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"Saving the 37%" by Tommy Tighe (CatholicMom.com) Connor Cunningham [CC BY-SA 4.0], via Wikimedia Commons[/caption]Sitting in the parish hall for the overflow Mass on Easter Sunday, it seemed from all appearances the Church as a whole is overflowing with the faithful coming together to worship God. It’s a beautiful sight, a packed parish, as our worship as the Body of Christ is made better with each and every person who shows up to celebrate together on Sunday. And yet, scratching just below the surface, we see a different story. A recent Gallup poll indicates 37% of Catholics in the United States have personally questioned whether they should remain Catholic due to the recent abuse crisis. That’s up from 22% back in 2002, when Gallup polled Catholics in the face of another abuse scandal. To dive more deeply into the 2019 results, of those who attend Mass on a weekly basis, 22% say they have been questioning whether they should remain Catholic (compared to 37% of those who attend “nearly weekly/monthly” and 46% for those who “seldom/never attend” Mass). It’s absolutely jarring to me to realize that nearly one out of every four weekly Mass-goers finds themselves questioning if they should remain Catholic in the face of the recent scandals, but it serves as a great reminder of just how damaging this has all been; first and foremost damaging to the victims and their families (two groups we should all be praying for on a daily basis), and secondarily damaging to the faithful as a whole. When nearly one fourth of weekly Mass-goers are left questioning if they should remain in the Church founded by Christ, we are left with the realization that we have to do something to save them. They are our family, our friends, and the people we see week after week around coffee and donuts. They are the people we hold hands with during the Our Father, the ones on the receiving end of our sign of peace, and the ones standing shoulder to shoulder with us as we engage in the corporal works of mercy in our communities. We must do something to help keep people close to the Church and the Sacraments. So, what do we do? First, pray. Prayer works. Pray for the victims, pray for their families, pray for those responsible for the abuse and those responsible for covering it up. Pray for everyone in the Church, those struggling to stay and those who vow to remain with the Church no matter what. Pray. Pray. Pray . Next, be compassionate. When someone is talking about the scandal that the abuse has caused for them personally, don’t just gloss things over by saying something like “well, the Eucharist is more important than all of that” or “the Church is still the Church founded by Christ no matter what her sinful members do.” Sure, those are both true statements, but in the context of someone questioning their faith in light of the abuse scandals, they seem to downplay the seriousness of what is going on. Instead, recognize exactly how hard this is, for all of us, and explore how we can move forward, standing by each other and moving forward in spite of the atrocities that have happened. And finally, let’s get back into those aforementioned corporal works of mercy. Let’s get back into feeding the hungry, giving drink to the thirsty, clothing the naked, giving shelter to travelers, visiting the sick and imprisoned, and burying and praying for the dead. Let’s get back to what it means to be a follower of Christ in a practical way that answers His call, leads us to grow in holiness, and lets our light shine before our sisters and brothers. If they see what being Catholic means in our lives, they might just see that it means more than the hierarchy, more than the priesthood, and more than anything that could shake our faith.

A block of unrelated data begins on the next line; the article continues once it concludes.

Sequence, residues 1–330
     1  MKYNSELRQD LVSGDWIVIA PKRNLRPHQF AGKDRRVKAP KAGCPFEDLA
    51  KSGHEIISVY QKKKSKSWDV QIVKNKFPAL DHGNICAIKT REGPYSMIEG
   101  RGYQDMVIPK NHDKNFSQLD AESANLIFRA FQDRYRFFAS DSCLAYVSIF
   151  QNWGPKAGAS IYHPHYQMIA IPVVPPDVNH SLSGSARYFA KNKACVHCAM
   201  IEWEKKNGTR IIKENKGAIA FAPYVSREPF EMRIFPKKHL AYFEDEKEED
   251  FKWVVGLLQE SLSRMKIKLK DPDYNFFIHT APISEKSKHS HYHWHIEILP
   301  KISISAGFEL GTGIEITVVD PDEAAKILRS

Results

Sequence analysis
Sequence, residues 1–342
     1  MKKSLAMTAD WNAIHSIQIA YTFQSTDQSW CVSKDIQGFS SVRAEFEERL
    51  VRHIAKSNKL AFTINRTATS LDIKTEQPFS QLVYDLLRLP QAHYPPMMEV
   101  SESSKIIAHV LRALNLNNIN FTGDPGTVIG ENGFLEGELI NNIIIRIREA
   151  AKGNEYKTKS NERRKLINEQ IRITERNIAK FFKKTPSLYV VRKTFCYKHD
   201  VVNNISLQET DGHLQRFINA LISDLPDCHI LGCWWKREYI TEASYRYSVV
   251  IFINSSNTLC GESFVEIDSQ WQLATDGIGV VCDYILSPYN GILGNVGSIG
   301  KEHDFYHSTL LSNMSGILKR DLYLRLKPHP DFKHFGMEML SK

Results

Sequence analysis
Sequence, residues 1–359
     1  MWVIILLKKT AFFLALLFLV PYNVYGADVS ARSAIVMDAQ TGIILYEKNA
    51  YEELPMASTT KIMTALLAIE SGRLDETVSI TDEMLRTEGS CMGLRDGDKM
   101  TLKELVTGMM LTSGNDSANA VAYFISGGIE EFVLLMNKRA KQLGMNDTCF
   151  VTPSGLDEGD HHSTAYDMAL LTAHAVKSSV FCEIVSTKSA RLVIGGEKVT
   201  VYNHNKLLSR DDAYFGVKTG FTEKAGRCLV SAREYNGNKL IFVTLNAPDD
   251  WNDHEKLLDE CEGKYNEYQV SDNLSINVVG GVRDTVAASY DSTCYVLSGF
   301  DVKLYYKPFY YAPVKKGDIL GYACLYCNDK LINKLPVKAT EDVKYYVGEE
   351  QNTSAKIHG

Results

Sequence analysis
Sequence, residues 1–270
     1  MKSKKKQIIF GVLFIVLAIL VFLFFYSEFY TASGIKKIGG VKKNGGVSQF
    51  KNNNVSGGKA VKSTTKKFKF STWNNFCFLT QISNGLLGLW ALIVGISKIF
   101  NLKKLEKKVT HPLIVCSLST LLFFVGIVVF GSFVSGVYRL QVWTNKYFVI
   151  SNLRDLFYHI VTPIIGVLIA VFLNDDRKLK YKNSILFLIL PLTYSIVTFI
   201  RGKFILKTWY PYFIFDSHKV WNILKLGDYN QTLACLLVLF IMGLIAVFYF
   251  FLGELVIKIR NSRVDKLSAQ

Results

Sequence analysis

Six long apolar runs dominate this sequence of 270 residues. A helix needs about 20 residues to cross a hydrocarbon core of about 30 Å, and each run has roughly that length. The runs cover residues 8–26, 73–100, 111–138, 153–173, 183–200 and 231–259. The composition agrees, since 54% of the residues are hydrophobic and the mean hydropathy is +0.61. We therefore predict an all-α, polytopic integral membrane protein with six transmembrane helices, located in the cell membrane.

Copyright 2019 Tommy Tighe